Our world's continents have been compared to both icebergs and onions. They are like icebergs in that they consist of a buoyant solid floating on a sea of deeper denser material, and also in that they are mostly unseen, with keels extending down to 250 km (150 mi) beneath the Earth's surface. They are like onions in that they consist of a central core surrounded by a sequence of younger layers that has grown around it. The process by which continents were formed remains a geologic mystery. Two of the keys to that mystery lie in the structure of the deepest part of the central core (or 'craton', to use the geologic term) and of the boundaries between the layers ('sutures' or 'terrain boundaries'). Earthscope's Transportable Array (TA) is a tremendous asset to seismologists studying Earth structure, because it provides extremely high-quality data for the entire land area of the US, a region that includes many important geological features, including plate boundaries, rift zones and hot spots. However, its impact on the 'origin of the continents' question is limited, because the core of the continent is not beneath its footprint, but rather lies a little to the north, in Quebec. Our project, timed to take place when the TA is operating in eastern US, is synergistic and provides a companion data set specifically targeted at the cratonic core and surrounding terrain boundaries. We are deploying seismometers in a line stretching from coastal Maine (the edge of the continent) to northern Quebec (its core). The density of stations is variable, and is highest in the three places where terrain boundaries are crossed. We use earth-imaging techniques to test three significant hypotheses: 1) that the bottom of the continental keel is a distinct interface that deepens towards the cratonic core; 2) that the properties of the continent are regionalized (that is, each layer of the onion has its own recognizable properties), with terrain boundaries having a signature that extends right down to the bottom; and 3) that the part of the Earth below the bottom of the continents (the 'asthenosphere') is flowing around the keel (in the same sense that ocean water flows around the keel of an iceberg). The project is supporting two graduate students, providing them with a venue to develop their professional skills as both researcher and teachers. Seismometer operations and data analysis involves undergraduate research assistants, in both summer internship and academic-semester employment modes. During the summer, educational features are incorporated into the fieldtrips to better introduce these undergraduates to the science underpinning the project and more generally to prepare them for a career in science. These include daily science discussions, stops to view important geological features and visits with scientists from collaborating institutions.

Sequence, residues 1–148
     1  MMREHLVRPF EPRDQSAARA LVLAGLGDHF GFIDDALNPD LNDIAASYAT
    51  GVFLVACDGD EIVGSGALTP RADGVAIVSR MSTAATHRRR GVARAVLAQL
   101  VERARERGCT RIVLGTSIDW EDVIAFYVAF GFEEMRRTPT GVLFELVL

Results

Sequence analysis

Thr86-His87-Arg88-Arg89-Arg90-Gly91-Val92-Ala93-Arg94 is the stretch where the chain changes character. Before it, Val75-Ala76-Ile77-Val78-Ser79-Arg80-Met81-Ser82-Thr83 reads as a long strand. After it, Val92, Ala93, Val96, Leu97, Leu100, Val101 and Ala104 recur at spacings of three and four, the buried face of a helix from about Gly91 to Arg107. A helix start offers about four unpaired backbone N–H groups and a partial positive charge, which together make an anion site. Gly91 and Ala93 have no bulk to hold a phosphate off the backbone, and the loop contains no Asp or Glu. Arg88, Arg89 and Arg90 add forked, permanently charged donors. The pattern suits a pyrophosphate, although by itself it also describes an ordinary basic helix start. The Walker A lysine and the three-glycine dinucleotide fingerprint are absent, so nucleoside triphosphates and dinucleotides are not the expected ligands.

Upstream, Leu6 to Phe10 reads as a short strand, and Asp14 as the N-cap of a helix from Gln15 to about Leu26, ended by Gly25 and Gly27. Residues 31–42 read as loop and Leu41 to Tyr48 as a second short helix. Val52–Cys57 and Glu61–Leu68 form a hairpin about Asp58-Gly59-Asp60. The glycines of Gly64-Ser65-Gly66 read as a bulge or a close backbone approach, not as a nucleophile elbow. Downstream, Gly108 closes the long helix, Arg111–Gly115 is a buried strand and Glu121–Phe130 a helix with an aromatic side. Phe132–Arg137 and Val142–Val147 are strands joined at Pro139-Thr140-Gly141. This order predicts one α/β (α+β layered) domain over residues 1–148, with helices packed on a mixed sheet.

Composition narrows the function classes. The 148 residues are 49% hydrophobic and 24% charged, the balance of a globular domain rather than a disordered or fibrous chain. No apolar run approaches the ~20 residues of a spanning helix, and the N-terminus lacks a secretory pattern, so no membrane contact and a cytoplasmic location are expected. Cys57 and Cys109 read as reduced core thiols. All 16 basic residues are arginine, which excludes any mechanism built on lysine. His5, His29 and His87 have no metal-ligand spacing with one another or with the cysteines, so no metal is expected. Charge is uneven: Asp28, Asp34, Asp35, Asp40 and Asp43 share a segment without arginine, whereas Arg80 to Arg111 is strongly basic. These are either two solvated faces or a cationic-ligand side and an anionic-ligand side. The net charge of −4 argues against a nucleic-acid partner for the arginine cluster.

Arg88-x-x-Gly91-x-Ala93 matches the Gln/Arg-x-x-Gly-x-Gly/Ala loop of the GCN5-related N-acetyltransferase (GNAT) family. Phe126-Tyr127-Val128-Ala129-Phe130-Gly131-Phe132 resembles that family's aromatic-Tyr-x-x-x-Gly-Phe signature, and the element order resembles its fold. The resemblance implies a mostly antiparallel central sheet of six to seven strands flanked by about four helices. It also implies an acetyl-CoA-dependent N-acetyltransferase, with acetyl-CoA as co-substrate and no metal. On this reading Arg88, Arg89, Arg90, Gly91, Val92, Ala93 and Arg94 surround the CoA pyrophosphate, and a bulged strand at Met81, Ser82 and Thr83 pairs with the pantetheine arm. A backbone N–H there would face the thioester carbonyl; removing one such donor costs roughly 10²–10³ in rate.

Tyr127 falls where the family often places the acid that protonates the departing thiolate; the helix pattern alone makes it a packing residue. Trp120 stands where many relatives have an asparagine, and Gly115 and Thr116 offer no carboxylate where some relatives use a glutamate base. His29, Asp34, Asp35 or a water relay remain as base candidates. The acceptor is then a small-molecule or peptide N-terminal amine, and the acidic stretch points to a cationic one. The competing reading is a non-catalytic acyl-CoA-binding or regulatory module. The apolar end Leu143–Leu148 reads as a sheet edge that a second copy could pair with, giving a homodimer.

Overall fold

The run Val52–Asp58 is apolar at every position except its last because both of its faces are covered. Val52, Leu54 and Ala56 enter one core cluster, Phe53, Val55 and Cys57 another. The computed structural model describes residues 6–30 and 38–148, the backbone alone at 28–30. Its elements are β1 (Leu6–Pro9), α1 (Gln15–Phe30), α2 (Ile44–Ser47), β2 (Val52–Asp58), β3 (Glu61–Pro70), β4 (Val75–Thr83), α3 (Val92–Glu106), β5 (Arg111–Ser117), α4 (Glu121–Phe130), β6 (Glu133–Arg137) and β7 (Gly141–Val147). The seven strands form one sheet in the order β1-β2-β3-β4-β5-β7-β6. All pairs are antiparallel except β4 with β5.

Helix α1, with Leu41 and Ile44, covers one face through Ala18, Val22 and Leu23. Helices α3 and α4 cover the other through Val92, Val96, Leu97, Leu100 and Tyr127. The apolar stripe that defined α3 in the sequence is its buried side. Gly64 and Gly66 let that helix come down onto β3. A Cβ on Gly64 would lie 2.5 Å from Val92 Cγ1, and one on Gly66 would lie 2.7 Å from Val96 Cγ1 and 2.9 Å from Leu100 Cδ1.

|Effective start/end date||5/1/12 → 4/30/17|
- National Science Foundation (NSF)